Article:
villein


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  • noun

Synonyms for villein

(Middle Ages) a person who is bound to the land and owned by the feudal lord

References in periodicals archive ?
Villeins, or nativi, peasant natives of their vill or settlement, formed the bulk of the population of England at this time.
Over the course of the thirteenth and fourteenth centuries the Greek nobles, or archontes, eventually gained back much of their lands but virtually none of their political rights.(7) Some of those families, notably branches of the Calergi family, became loyal subjects of the Comune; others remained impoverished or left the island.(8) Below the status of the archontes came the great mass of the Greek peasantry, whose status under the previous Byzantine administration was servile.(9) When Venice acquired possession of the island, it also acquired the lands and the servile population known in Latin as villeins.(10)
He believes that he is truly the character played." These small bites do not refer only to the description of the villeins. When talking, for instance, about the education acquired in the Western universities by the rich classes, Besancon cannot refrain to quote Koyre, because young Russians studying in Germany have not read the books of Schelling, Hegel, or Schleiermacher, being satisfied only to consult the timetable.
* Institutions for monitoring and adjudicating rights existed, though in practice the abbey, lord, or knight could deploy those institutions more to their advantage than could the villein
Thus, for example, in 1551 thirteen gentlemen of Mantua sent the Lord of Mantua a letter of complaint against a sumptuary law which did not give sufficient weight to social differences, arguing their case as follows: "If we must observe rank, we fail to see why (be it said without ambition) the merchant should not be at least distinguished from the gentleman and the villein from the nobleman.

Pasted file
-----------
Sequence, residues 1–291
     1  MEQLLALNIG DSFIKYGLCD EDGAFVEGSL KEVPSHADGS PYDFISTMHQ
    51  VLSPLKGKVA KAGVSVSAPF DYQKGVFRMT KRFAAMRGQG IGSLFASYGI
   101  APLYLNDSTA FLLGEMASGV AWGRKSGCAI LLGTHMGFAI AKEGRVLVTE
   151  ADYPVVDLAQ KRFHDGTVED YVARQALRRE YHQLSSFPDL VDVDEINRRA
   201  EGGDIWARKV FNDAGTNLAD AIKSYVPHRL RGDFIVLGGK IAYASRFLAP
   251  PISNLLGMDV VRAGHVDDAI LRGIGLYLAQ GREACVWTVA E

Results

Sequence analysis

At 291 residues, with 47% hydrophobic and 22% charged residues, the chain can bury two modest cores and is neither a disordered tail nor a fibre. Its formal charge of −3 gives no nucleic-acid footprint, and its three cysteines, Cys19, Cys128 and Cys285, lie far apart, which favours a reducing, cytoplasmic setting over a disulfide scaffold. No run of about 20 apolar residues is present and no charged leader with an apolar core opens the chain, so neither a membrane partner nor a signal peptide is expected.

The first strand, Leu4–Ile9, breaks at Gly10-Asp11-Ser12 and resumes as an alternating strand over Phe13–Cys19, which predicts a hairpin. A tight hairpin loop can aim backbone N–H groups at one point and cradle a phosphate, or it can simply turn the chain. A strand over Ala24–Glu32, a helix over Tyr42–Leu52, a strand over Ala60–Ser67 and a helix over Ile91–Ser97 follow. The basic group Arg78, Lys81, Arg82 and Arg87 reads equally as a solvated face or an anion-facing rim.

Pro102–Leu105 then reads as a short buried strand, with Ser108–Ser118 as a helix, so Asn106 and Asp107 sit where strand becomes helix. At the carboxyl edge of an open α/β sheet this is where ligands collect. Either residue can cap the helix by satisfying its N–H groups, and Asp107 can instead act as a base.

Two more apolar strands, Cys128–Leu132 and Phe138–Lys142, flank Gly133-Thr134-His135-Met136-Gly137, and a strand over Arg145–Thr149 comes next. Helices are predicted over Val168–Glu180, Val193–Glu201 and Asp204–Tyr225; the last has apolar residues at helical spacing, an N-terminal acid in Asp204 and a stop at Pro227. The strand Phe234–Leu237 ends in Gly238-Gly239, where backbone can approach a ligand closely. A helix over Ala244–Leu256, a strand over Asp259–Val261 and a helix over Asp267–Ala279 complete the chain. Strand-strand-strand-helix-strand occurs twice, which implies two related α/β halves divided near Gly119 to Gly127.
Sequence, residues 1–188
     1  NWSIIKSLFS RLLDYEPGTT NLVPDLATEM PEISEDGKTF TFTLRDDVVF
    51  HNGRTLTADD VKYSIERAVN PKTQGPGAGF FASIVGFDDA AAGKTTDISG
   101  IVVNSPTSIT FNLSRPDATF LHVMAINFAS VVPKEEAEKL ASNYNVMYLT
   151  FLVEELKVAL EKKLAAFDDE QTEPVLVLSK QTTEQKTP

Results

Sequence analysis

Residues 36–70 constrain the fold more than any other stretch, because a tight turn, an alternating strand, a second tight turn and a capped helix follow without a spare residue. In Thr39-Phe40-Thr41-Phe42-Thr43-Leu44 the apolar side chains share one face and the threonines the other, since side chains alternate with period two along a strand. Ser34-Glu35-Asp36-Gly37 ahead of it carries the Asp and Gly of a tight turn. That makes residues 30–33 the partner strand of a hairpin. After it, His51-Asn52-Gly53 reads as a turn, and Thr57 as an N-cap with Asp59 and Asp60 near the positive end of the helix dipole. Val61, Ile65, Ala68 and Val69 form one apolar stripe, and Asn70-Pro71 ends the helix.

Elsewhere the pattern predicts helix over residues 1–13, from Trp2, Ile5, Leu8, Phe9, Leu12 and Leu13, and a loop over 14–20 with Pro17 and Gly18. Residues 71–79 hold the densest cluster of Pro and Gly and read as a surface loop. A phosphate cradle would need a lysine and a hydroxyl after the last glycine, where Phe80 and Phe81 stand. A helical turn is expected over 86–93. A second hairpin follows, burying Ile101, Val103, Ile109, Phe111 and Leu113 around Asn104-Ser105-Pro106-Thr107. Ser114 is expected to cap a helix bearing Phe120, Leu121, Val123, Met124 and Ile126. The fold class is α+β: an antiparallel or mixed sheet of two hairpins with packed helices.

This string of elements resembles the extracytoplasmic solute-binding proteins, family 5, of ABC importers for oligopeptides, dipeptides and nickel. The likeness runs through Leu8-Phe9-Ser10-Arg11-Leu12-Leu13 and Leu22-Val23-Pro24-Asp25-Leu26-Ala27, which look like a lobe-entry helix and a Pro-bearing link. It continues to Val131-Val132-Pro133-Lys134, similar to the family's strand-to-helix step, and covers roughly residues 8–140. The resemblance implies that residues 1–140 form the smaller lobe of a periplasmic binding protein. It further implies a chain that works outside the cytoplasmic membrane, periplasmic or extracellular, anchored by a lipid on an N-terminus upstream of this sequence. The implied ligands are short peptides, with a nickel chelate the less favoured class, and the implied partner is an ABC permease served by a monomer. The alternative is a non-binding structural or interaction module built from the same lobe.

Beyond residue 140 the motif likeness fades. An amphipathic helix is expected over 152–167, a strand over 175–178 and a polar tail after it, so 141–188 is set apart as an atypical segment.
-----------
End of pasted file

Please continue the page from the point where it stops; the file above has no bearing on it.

Quite to the contrary, Chesterton was an unrepentant enthusiast for modernity's chief accomplishment--the French Revolution and its democratic deliverance of the common man from his old feudal estate as serf and villein, elevating him to a social and political sufficiency heretofore unknown.
Pollente's villein, "with scull all raw," rushes out to collect the levy, "To whom [Artegall] aunswerd wroth, loe there thy hire; / And with that word him strooke, that streight he did expire" (5.2.11.8-9).
First, they were either immediately or ultimately founded on a threat to survival: a villein or slave obeyed the master's will in order to live.
For example, Proverb 193 of the Villein's Proverbs warns, "Do not believe God does not grieve / At poor men's self-elation / For each man should do what is good / Within his proper station.
(57) </pre> <p>He then asserts that the essential difference between real and personal property is "founded in the nature of the objects themselves." (58) Yet, what he refers to as the "incidents to real and personal property"--those items that are annexed or connected to the land--have their status determined by "juris positivi"--positive law--"as good policy may require." (59) This argument forms the basis of Virginia's property laws on slavery, as Tucker demonstrates:</p> <pre> Thus an estate in lands, if limited for any number of years, even a thousand, is regarded as a chattel; whilst an estate in the precarious life of a villein [peasant tied to the land, similar to a serf] might be an inheritance in fee simple, and as such, considered as a real estate....
Hispanics makes a difference in building the subscriber base, said Leslie Villein, Hispanic marketing manager for Comcast's Northern California region.
Another uncle, John, Duke of Bedford (1349-1435), owned a silver and crystal salt shaped as a labourer carrying a basket, (28) whilst the French financier Jacques Coeur in 1453 owned a gold salt shaped as a 'villein'.
The medieval English villein was not in the same condition as a slave, says Skinner, for "it is only his property, not his person, which is sub potestate domini" (309-10).
If the courts decided that a slave was merely a modern-day villein, or serf, then his master might be legally entitled to transport him to Jamaica.
All these diverse ideas were tied together in the later medieval definition of Jewish status as "servitudo camerae" sometimes "servi camerae," "serfs of the chamber [treasury]," somewhat akin to the position of the villein in feudal structure, that is, having security through custom, subject however to his ruler's will.